Seventy-five percent of Americans own an outdoor grill or smoker, and summer is the ultimate season for firing it up and having a cookout. Whether you’re throwing burgers and dogs on for your family or hosting an all-out BBQ, summer happens around the grill.
It may feel more eco-friendly to pop on the grill rather than cook in the house on the stove or oven, and in some ways it is. Cooking outdoors means your AC isn’t working as hard since you’re not heating up your kitchen. If you have a propane grill, you’re also not using any electricity to run it, saving on that all-important utility.
However, you can always take grilling further to make it greener. Here’s how.
Consider swapping out coal for gas
Gas grills are more energy efficient and release fewer pollutants into the air than coal. Overall, they’re the greener choice. If you have to use coal, because you need that traditional BBQ taste, try to find all-natural lump varieties and avoid using petroleum-based lighter fluids as starters. Especially avoid self-lighting charcoal. You can use natural lighter fluid or an electric charcoal starter instead.
The issue is what these items put out into the air. Both petroleum-based lighter fluids and self-lighting briquettes release petrochemicals into the atmosphere. Regular coal, when burning, also releases carbon monoxide. These are all harmful chemicals the air could do without.
Once you’ve used your grill a few times, you’ll get a good idea of how long it really takes to preheat. Although it will maintain that temperature until you’re ready to cook, leaving your grill on in wait just produces waste. This is especially true for gas grills, and propane isn’t cheap.
If you can, preheat your grill by working backward from the exact time you want to start cooking. That way it’s ready the moment you are and not before.
Use reusable dishes
You’d never use a disposable grill brush or tongs to cook your amazing grilled feast, so why do it when it comes to serving? It can seem easier to put out paper plates and plastic silverware to serve your food on but if you can, use your own dishes. You can even buy a set of reusable plastic dishes and silverware for outdoor use only.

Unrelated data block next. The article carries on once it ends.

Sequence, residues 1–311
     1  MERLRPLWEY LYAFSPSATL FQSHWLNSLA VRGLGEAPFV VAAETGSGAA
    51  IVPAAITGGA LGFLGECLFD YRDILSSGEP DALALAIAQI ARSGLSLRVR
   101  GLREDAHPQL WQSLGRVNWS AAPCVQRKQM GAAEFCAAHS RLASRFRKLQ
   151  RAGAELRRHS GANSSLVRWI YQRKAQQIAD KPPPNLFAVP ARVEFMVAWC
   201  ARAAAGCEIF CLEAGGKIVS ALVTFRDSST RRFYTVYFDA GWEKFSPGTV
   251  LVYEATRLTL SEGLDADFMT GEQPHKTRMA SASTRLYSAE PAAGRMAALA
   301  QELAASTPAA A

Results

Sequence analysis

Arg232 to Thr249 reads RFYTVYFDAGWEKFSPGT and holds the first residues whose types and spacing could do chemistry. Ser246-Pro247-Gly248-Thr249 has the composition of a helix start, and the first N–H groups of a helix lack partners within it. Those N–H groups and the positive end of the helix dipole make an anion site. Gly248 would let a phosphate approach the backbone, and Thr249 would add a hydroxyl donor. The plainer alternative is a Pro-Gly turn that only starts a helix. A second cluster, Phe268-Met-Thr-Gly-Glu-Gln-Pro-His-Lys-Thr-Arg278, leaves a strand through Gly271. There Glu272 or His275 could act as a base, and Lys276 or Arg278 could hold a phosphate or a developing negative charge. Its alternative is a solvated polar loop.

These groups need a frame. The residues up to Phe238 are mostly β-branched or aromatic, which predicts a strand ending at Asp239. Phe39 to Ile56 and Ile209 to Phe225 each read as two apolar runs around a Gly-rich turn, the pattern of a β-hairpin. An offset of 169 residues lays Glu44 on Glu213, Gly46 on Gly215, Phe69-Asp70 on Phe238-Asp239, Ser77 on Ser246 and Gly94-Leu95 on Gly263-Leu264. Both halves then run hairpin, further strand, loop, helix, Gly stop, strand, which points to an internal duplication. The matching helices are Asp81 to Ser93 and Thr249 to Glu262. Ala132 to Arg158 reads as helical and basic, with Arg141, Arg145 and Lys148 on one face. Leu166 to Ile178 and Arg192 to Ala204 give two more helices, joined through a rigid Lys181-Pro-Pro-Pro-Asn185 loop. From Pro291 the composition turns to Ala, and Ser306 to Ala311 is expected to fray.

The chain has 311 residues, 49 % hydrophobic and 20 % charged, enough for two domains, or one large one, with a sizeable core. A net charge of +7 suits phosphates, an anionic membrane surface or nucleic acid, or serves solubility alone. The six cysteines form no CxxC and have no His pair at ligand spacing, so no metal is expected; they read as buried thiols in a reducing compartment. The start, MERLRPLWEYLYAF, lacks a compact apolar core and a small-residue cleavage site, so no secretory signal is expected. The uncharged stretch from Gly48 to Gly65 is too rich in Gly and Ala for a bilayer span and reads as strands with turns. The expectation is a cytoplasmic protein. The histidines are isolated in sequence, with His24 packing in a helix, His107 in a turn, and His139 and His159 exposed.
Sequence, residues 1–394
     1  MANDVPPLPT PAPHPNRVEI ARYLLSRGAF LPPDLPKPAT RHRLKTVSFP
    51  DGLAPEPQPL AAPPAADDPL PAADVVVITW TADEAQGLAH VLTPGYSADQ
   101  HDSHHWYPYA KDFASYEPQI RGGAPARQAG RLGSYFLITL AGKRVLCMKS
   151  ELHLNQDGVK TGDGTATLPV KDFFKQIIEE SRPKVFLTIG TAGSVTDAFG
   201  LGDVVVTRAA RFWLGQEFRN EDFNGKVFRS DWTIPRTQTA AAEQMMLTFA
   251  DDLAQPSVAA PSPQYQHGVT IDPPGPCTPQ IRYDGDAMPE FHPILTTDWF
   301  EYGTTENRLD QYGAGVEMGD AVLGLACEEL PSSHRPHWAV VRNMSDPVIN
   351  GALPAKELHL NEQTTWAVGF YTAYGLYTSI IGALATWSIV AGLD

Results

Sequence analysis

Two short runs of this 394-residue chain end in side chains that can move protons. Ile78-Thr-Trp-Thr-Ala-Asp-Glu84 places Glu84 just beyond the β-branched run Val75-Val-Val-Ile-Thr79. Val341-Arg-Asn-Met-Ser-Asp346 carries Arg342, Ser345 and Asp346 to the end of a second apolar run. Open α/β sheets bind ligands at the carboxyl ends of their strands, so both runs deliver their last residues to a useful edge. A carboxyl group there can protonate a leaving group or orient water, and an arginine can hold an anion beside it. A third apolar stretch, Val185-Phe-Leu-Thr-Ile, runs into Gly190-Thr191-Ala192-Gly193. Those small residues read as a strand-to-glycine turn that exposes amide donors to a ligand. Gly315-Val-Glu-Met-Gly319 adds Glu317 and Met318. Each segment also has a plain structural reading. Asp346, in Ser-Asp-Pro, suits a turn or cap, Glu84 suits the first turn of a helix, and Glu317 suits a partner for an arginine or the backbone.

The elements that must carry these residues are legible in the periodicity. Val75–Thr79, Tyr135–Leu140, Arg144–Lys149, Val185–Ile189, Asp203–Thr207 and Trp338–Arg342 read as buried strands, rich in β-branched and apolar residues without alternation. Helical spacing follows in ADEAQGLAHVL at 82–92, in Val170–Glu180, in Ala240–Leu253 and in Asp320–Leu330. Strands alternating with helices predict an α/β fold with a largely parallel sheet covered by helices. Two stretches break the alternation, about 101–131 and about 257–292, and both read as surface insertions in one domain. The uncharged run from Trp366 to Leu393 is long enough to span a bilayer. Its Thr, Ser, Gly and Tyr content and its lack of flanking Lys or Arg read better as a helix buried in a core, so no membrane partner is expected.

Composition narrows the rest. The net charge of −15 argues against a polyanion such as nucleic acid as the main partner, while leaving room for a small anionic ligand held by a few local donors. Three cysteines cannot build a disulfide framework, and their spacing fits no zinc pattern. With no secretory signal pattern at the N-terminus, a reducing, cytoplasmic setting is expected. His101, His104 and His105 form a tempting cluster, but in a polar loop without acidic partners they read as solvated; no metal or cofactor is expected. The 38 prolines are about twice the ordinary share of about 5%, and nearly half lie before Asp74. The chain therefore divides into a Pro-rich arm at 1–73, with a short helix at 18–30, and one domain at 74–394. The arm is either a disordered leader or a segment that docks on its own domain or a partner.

Even running a full dishwasher, compliments of your BBQ, creates less waste than the bags of trash you’d need to throw out if everything is disposed of after one use.
The only time to opt for disposable products is when your BBQ is too big for the plates you have. In that case, it’s okay to use paper plates so everyone can eat, but try to look for brands that are biodegradable.
Go green to clean
After the grilling is over, and it’s time to clean your grill, the products that you use can also be a green choice. Most grill cleaners are full of toxic substances claiming they’re the only thing strong enough to get that grill clean. This isn’t the case, and you can actually make cleaning your grill relatively easy if you strike while it’s hot.
Running a grill brush over a hot grill before you cook, easily scrapes away leftover food and debris. Remembering to do this could mean no additional cleaning and no cleaning products, but you must do it every time to stay on top of buildup.
If a deep clean becomes necessary, look to your pantry for supplies instead of buying a harmful product. All you need is baking soda and some aluminum foil to get those grates clean.
Add in some beneficial greenery
The last thing to think about, when making your outdoor grill area more human-friendly, is what to do about the bugs. They can smell what you’re cooking, and want in, but nobody likes flies buzzing by or mosquitos chowing down while you’re trying to eat an outdoor meal.
The most environmentally friendly way to deal with these pests is by being deliberate with your greenery. Grab a few pots and invest in insect-repelling plants like mint, sage, and rosemary. Not only will you add some natural decor to your patio, but those herbs taste great when added to any grilling marinade.
Keep it green when you’re not the grill master
Even when you’re not the one doing the grilling, but the one being invited to partake in a BBQ, you can make some greener choices. If you’re bringing a side, deliver it in a reusable container with a lid (just don’t forget to take it back home). If you’re bringing the drinks, ask if the host recycles glass or just aluminum and buy cans and/or bottles accordingly.
While en route, even the gas you put into your car can make for a greener experience. By filling up at SpeedyQ, you can reduce the impact of your car’s tailpipe emissions. Through the SpeedyQ Drive™ program, up to 30 percent of your car’s harmful emissions are offset every time you fuel up.
So, this summer, as you fire up the grill, think green. It’s easier than you’d expect. And, enjoy those burgers.